Had one more question: is it better to make the batter on Friday afternoon and keep it in the fridge to be baked on Sunday morning for the afternoon party or will it be better to bake on Friday too and keep it outside at room temp till Sunday afternoon party? does anyone have any ideas? thanks!

  188. Sydney

    These are heaven! I put the batter in tiny glass jars (Yoplait Oui jars) and filled about an inch high. They puffed up over the top in the oven but fell back to filling about half the jar as they cooled. Let guests scoop ice cream inside and topped with your salted caramel sauce. Made for an ultra easy sundae party with minimal cleanup! Thanks always Deb.

  189. eclecticdeb

    These are incredible. I only had about 3 oz of dark chocolate chips, so I had to substitute some unsweetened baking chocolate (with appropriate sugar). Made 48 mini bite-sized muffins, baking for about 14 minutes. Probably could have stretched to 6 more if: 1) I didn’t eat so much batter, 2) didn’t fill them quite as much. They are a big bite.

  190. These were incredible… so easy to make, yet so delicious. Brought them as a treat when heading to my parents’ house for lunch and they disappeared very quickly.
    They will definitely become a staple in my book!
    Oh, on a sidenote: I am Belgian. ;-)

  191. I thought these were incredible! Made them low carb by subbing the sugar for allulose and the 20g of flour for 10g of almond flour and 10g of unflavored zero carb protein powder. I had to freeze the rest of mine so I wouldn’t eat them all! :)

  192. I made these exactly using the exact ingredients and following the directions to the letter. I used Lindt 70% bittersweet chocolate. I used the cupcake wrappers. They cooked for 25 minutes. They are absolutely delicious and super simple to make.

  193. Fran Morris

    These are absolutely wonderful and wonderfully easy. Thank you, Deb! If you time it right, you’ll have a warm chocolate dessert for your guests and no one will know how simple they were to put together. One of these served with ice cream is dessert nirvana.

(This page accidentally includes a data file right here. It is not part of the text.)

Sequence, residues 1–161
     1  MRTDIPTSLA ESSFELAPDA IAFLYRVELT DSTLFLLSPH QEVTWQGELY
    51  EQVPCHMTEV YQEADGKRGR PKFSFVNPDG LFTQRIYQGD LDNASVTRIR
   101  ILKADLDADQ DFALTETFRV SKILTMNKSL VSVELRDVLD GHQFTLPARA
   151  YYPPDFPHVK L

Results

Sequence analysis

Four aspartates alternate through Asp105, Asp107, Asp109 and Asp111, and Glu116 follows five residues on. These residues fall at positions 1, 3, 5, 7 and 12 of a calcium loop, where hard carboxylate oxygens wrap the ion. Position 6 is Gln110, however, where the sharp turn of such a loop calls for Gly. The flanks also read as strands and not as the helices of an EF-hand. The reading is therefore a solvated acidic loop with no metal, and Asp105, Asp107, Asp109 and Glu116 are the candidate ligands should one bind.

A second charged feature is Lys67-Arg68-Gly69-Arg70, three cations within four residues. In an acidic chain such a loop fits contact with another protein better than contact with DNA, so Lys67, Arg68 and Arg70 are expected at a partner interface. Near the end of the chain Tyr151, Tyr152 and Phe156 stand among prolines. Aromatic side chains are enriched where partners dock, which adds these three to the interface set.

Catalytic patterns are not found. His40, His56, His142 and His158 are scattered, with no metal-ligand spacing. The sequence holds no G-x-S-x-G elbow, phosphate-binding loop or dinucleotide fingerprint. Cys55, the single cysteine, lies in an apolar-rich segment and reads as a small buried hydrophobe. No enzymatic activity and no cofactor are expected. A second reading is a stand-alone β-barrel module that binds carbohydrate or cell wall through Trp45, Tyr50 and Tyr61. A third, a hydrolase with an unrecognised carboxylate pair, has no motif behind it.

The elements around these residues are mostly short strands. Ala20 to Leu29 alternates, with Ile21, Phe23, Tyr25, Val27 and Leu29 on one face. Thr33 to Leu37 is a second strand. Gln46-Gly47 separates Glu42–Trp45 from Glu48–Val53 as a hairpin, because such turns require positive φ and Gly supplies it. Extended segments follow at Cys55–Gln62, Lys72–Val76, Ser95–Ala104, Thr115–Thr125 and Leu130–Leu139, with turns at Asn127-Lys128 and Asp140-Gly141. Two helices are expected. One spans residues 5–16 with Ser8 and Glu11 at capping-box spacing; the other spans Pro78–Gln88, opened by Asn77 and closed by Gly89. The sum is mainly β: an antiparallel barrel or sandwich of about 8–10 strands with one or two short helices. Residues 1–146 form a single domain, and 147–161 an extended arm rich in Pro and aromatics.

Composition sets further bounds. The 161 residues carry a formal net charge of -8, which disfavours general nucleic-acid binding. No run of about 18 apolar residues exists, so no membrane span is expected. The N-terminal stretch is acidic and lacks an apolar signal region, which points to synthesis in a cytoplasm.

194. Susan H

    These are my favorite go-to dessert when entertaining! Because the batter needs to rest, it is perfect to prepare before dinner and bake after, so my guests can have hot fresh brownies! and they are delicious.

  195. msue

    If it isn’t too late to comment on this post – let me add my WOW! to the previous reviews. I made this as a Valentine treat for my husband. Mind you, this was the Valentine deep into the pandemic in which I haven’t been in a store for a year and have survived on deliveries and making do with what is in the pantry. These cakelets were the hit of the day, and may even the hit of the entire year. So good. perfect. THANK YOU.

  196. Britt

    I made these for Valentine’s day – since our son has a life threatening dairy allergy, I subbed Earth Balance Dairy Free buttery spread for the butter. They are AMAZING. I did some in paper cupcake liners – the ones I did without a liner stuck to the pan and had to be scraped out (even though sprayed with Pam). All of it was delicious though.

  197. Maryka B Ford

    These are amazing! My new go-to for impressing company (if we ever have company again). They are so rich, you really don’t need to add anything, like ice cream or whipped cream. Maybe a raspberry or strawberry for looks. They are so rich and yummy.

  198. Lizzy in YEG

    Oh My. These little puffs of chocolately goodness are truly divine! I weighed the ingredients; made 6 in a muffin tin and 22 in a mini-muffin tine. The only changes I made were to add 20g of almond meal (and thus GF), and 1.5 tsp of bourbon. Because you know, who doesn’t love bourbon with chocolate? Thanks Deb – another wonderful recipe! Will be a repeat for sure.

  199. Marylynne Mehl